Wednesday, September 11, 2019

New Automated Trucks Tested on US Highways as a Serious Insurance Question is Posed

Who is Responsible When You Get Hit by an Autonomous Vehicle?
Shipping News Feature

GERMANY – US – Daimler Trucks and Torc Robotics have begun actively developing and testing highly automated trucks with SAE Level 4 intent technology on public roads. This at a time when driverless vehicles are under scrutiny, particularly from the insurance industry. The question being, who pays if you are hit by an autonomous truck?

The deployment by the two companies of the new vehicles on public roads takes place after months of extensive testing and safety validation on a closed loop track. As part of the comprehensive safety process by Daimler Trucks and Torc Robotics, both test track and on-road validation play an integral role in establishing the essential building blocks for successfully advancing automated technology.

The initial routes are on highways in southwest Virginia where Torc Robotics is headquartered. All automated runs require both an engineer overseeing the system and a highly trained safety driver certified by Daimler Trucks and Torc Robotics. All safety drivers hold a commercial driver's licence and are specially trained in vehicle dynamics and automated systems.

Daimler Trucks acquired Torc Robotics earlier this year after authorities approved the majority stake acquisition by the truck manufacturer. Torc Robotics is now a part of the newly established Autonomous Technology Group of Daimler Trucks. The truck manufacturer says that it is consolidating all its activities in automated driving into the global organisation with locations in Blacksburg and Portland in the US as well as in Stuttgart, Germany. Michael Fleming, CEO of Torc Robotics, said:

"Being part of Daimler Trucks is the start of a new chapter for Torc. Our whole team is thrilled to be working alongside our Daimler colleagues as we pursue the commercialisation of Level 4 trucks to bring this technology to the market because we strongly believe it can save lives."

Torc claims to be an experienced automated driving company with highly sophisticated, roadworthy technology and years of expertise with heavy-duty commercial vehicles. ‘Asimov’, Torc's system for automated driving, has apparently been tested in urban and long-distance routes as well as in rain, snow, fog and varying light conditions.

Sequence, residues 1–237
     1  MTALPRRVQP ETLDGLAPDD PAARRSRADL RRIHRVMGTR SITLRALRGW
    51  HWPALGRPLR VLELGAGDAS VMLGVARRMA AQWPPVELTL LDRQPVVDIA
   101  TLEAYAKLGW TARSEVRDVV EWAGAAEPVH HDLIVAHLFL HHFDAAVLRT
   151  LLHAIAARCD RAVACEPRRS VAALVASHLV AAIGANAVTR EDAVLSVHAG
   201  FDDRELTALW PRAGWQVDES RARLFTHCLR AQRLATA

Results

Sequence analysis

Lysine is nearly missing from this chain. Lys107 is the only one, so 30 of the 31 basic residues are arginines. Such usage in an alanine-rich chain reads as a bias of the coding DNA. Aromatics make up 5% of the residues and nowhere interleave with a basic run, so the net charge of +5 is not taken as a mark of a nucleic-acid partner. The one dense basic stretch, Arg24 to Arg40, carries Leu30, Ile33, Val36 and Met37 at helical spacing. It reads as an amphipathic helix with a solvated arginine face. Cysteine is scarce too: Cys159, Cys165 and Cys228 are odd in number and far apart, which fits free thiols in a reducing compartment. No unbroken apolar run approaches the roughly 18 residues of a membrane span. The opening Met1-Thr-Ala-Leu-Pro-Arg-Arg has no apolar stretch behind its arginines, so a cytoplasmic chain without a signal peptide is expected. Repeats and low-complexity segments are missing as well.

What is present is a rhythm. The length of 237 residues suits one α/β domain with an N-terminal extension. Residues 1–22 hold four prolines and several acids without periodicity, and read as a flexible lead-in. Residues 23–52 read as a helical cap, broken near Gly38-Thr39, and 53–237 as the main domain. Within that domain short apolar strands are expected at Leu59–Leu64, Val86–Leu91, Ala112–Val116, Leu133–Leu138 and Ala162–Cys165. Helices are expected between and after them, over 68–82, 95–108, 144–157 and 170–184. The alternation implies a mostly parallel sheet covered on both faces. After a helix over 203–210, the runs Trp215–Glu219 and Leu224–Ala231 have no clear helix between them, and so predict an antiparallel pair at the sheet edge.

Daimler Trucks North America (DTNA) will focus on further evolving automated driving technology and vehicle integration for heavy-duty trucks. The DTNA team is working on a truck chassis perfectly suited for highly automated driving, particularly considering the redundancy of systems needed to provide reliability and safety. Roger Nielsen, President and CEO of Daimler Trucks North America, commented:

"As we pair Daimler's expertise in building safe and reliable trucks with Torc's genius in engineering Level 4 vehicles, we have no doubt we will do great things in the future. We look forward to writing history together. The US highways are the perfect place to develop automated driving technology."

Within the Autonomous Technology Group, DTNA is also building an infrastructure required for the operational testing of initial application cases. This consists of a main control centre and logistics hubs. These hubs are located along high density freight corridors where many customers operate and within close proximity of interstates and highways.

So what of that initial question? Who is to blame if you get struck by a vehicle with nobody actually in control of it at the time? Last year the Australian National Transport Commission (NTC) published a couple of papers on future regulation. Meanwhile the answer may come in the form of the latest release from Tesla which has launched its own insurance scheme for drivers of its cars in California claiming, ‘our safe vehicles justify lower premiums’.

This move may signal a sea change in attitude, if the conventional insurers look to the vehicle manufacturers for settlement of claims, with huge potential Court costs, the truck and car makers may well feel better placed if they bear the risk themselves with the effect of transferring legal cases into coming from members of the public rather than the better funded insurance industry.